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The Really Awesome Gaming Expo, or rAge, may be a meeting place of comic book nerds, video game geeks and tabletop trekkies (could not think of another nerdy word to use and trekkies is alliterative in that context so at least I’m being creative, and speaking of creativity) it is also a place for some fantastic fan art.
The artist’s alley was not particularly large this year, but what was on display was more than enough for my measly wallet. Here are the three standout acts in Artist Alley this year:
Extremely intricate and mesmerising fan artwork isn’t exactly an uncommon sight to people (like myself) that spend obscene amounts of time online in search of such things, but the green-haired artist behind this table brought her amazing skills to life with some absolutely gorgeous works of art that sat before her and portrayed a variety of characters, such as Batman (or a far more dementedly appealing Joker) or Stitch (of Lilo and Stitch fame) or storm troopers (of Star Wars and not World War 2 fame).
This talented artist also does custom orders and judging by her explanation that one particular picture took three weeks of work, I’m guessing that she puts the necessary effort in to produce such stunning pieces of art.
Josh Ryba, the illustrator and co-writer of this South African vampire comic can be found sitting behind a stack of high detail fan art comic prints alongside a pile of the comics he co-wrote with Daniel Browde.
This local comic is set in modern Johannesburg, with a collection of vampires suffering from an HIV-type disease, and early colonised Cape Town in which South Africa’s first vampire, Jan van Riebeeck, terrorizes the locals and enacts his own plans for the natives and the people under his settlement’s care.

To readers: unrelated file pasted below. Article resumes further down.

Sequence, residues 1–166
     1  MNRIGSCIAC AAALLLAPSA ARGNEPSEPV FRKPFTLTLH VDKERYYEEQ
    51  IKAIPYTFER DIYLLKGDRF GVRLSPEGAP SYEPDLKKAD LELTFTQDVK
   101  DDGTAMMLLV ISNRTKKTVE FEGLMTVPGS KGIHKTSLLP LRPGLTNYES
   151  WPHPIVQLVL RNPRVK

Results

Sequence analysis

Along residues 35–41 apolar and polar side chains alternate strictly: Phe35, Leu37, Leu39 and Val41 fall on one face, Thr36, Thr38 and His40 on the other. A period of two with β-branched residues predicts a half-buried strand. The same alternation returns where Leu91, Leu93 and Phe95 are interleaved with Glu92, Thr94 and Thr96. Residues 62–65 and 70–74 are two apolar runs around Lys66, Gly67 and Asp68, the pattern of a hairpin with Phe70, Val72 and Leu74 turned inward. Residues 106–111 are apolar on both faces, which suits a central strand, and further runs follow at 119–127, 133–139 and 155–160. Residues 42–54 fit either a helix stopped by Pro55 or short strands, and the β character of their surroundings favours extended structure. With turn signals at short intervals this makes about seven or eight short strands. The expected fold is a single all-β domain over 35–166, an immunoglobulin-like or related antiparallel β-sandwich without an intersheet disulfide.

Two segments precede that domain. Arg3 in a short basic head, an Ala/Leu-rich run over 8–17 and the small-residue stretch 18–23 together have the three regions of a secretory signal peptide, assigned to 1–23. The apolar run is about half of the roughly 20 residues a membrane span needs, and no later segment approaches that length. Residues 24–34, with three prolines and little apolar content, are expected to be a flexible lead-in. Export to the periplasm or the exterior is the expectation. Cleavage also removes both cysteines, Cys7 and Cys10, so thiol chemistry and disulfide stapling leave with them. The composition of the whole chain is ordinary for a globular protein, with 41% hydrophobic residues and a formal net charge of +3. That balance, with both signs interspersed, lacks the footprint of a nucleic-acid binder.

The story is an interesting and original take on the vampire formula as diseased vampires struggle to find a cure and are willing to do anything to see to it that their efforts yield some kind of result. Alongside the great story is a 180 page full colour set of art that sets the tone and ensures you know it was written and illustrated with care and patience.
Behind a table filled with pin badges, coffee mugs, stickers and an assortment of knitted attire stood a merchant who’d designed the art attached to each and every item he was selling (although he didn’t do the knitting).
The art found on the assorted merchandise was always high quality and each was an original take on an established franchise. Whether the franchise was gaming-related, such as a zombified version of Toad from Mario Bros. to a more traditional take on Studio Ghibli’s Totoro or a punk vibe rendition of a My Little Pony character. There was something for every kind of nerd/geek to be found at this vile stall.
Check out Ronald Leong’s vile artwork over on Facebook.
It’s the fans that give every respective franchise its power, and thanks to the work of the many talented artists around the world we can consume even more of our favourite fictional characters, places and events with all the relish of consuming the original work. The local gaming scene is growing, and along with it the local fan art scene is growing.
Here’s hoping that rAge Cape Town 2017 has an even larger artist’s alley for the fans to peruse and delight in spending some hard earned cash on some deserving local artists.